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USMNT’s Gregg Berhalter details 1991 incident with now-wife, alleges blackmail

U.S. Coach Gregg Berhalter and his players wave to fans after a loss to the Netherlands in the World Cup's round of 16 last month. (Jabin Botsford/The Washington Post)
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U.S. World Cup Coach Gregg Berhalter said Tuesday that, when he was 18, he kicked his future wife in the legs — an incident he decided to disclose publicly after an unidentified individual threatened to use that information to “take him down” as the men’s national team coach, he said.

“There are zero excuses for my actions that night,” read a statement on a newly created Twitter account with his name. “It was a shameful moment and one that I regret to this day.”

The statement was signed by Berhalter and his wife of 25 years, Rosalind. Its authenticity was verified by the couple’s spokesman.

The U.S. Soccer Federation, the sport’s governing body, said in a statement that, upon learning of the allegation Dec. 11, it hired a law firm to investigate. That probe is ongoing, the USSF added.

“U.S. Soccer condemns violence of any kind and takes such allegations very seriously,” the statement said.

The USSF also said that, since learning of the allegations against Berhalter, “potential inappropriate behavior” has been directed toward “multiple members of our staff by individuals outside of our organization.” The USSF said it has expanded its investigation to include those allegations. A federation spokesman said he did not want to comment.

Through a spokesman, Berhalter said he and his wife did not want to comment further.

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The bizarre developments come as the USSF is conducting a post-World Cup review of the program and deciding whether to retain Berhalter, whose previous deal expired last week.

Berhalter learned of the allegation several weeks ago during a meeting about his future with USSF sporting director Earnie Stewart, people close to the situation said, speaking on the condition of anonymity because they weren’t authorized to discuss the matter.

The USSF is slated to announce this week who will oversee a two-week training camp this month. Until the investigation concludes and his long-term future with the program is determined, Berhalter is not expected to oversee friendlies against Serbia on Jan. 25 in Los Angeles and against Colombia on Jan. 28 in Carson, Calif.

Berhalter, 49, has guided the national team since late 2018 and last month led the Americans to the World Cup’s round of 16. Since the 3-1 defeat to the Netherlands, “an individual contacted U.S. Soccer saying they had information about me that would ‘take me down’ — an apparent effort to leverage something very personal from long ago to bring about the end of my relationship with U.S. Soccer,” the Berhalters’ statement said.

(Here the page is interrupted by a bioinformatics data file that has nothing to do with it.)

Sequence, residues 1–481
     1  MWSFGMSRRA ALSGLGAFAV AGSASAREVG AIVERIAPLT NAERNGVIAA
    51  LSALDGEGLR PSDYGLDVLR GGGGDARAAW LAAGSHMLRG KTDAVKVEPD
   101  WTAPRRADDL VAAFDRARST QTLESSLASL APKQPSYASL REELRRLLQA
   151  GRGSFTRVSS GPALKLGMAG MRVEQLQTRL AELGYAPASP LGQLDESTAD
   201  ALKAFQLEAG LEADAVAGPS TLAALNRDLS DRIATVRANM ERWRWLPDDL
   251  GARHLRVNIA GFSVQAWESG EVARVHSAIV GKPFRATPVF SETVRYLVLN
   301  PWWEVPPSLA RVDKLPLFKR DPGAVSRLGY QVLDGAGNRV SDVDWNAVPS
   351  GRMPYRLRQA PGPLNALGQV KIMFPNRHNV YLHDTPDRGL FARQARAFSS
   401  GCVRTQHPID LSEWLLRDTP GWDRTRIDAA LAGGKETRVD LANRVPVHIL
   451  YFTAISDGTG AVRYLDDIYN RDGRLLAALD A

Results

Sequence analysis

“My wife Rosalind and I want to clearly and directly share the truth,” the statement continued.

They were married Dec. 31, 1997, and have four children. They both played soccer at the University of North Carolina. They began dating during their freshman year of 1991-92 when the incident occurred near campus.

“While out drinking at a local bar, Rosalind and I had a heated argument that continued outside,” their statement said. “It became physical and I kicked her in the legs.”

Law enforcement authorities were not involved and Berhalter sought out counseling, the statement said. Seven months later, they reconciled, they said.

“It was a single, isolated event over three decades ago and a terrible decision made in a bad moment by an 18-year-old,” the statement said. “Thankfully Rosalind forgave me. The intention of this statement is to provide transparency and to reinforce a single bad decision made by a teenager does not necessarily define him for the rest of his life. We will not hide from this. We didn’t then, and we won’t now.”

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Berhalter has received praise and criticism during his tenure as national team coach. The Americans won two regional trophies in 2021, beating rival Mexico both times, and qualified for the World Cup in Qatar after missing the 2018 tournament in Russia.

During the World Cup, Berhalter came under fire for his handling of 20-year-old star Gio Reyna, who played sparingly. Reyna is the son of former U.S. captain Claudio Reyna, Berhalter’s teammate in high school and with the national team. Rosalind Berhalter and Claudio Reyna’s wife, Danielle, were UNC teammates.

Before the round-of-16 match, former U.S. star Eric Wynalda suggested there was “a rift” between Berhalter and the younger Reyna. Wynalda later recanted.

During a speech Dec. 6 in New York, three days after the Americans were eliminated, Berhalter said “we had a player that was clearly not meeting expectations on and off the field” and he had been close to sending the player home. He did not identify Reyna, but multiple people familiar with the situation said Reyna was that player.

In an Instagram post two days later, Reyna apologized to his teammates and coaches but added that he was “extremely surprised that anyone on the national team’s staff would contribute” to ongoing coverage of the matter and that Berhalter “has always said that issues that arise with the team will stay ‘in house.’ ”